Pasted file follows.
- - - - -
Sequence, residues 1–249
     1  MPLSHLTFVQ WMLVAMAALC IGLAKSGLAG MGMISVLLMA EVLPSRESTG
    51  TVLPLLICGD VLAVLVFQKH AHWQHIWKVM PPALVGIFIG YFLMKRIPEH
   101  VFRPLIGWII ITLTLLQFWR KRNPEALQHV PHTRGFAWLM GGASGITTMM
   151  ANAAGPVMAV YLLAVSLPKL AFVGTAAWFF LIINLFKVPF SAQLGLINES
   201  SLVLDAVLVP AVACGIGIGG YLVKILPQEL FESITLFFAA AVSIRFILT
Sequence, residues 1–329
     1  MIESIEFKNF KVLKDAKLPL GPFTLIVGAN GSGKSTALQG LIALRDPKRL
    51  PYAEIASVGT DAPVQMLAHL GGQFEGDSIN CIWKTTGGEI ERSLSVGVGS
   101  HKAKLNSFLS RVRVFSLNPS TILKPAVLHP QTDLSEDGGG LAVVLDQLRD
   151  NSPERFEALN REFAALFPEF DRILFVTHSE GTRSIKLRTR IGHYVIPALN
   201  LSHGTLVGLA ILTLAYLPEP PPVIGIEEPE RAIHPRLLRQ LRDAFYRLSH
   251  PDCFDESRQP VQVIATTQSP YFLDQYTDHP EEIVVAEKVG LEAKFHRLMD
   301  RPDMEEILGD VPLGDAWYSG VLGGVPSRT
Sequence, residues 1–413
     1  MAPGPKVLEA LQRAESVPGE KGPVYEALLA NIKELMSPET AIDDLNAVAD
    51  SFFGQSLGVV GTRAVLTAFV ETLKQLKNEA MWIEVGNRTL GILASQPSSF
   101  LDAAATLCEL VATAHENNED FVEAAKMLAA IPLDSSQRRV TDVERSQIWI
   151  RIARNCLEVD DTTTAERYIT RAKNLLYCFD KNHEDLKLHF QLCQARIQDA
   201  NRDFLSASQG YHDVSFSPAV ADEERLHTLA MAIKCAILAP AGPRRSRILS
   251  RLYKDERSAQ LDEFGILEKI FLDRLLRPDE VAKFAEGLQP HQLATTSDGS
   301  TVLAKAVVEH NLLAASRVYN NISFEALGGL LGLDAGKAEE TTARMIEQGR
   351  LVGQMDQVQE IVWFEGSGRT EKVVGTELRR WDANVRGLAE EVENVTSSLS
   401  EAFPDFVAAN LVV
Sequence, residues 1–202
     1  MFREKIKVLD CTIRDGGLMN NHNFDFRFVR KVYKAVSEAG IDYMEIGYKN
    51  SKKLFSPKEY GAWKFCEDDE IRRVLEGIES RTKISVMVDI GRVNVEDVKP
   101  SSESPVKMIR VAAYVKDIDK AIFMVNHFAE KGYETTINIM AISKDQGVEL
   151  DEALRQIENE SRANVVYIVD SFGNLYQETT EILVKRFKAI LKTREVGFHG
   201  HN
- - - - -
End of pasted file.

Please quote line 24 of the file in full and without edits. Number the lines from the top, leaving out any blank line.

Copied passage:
   401  EAFPDFVAAN LVV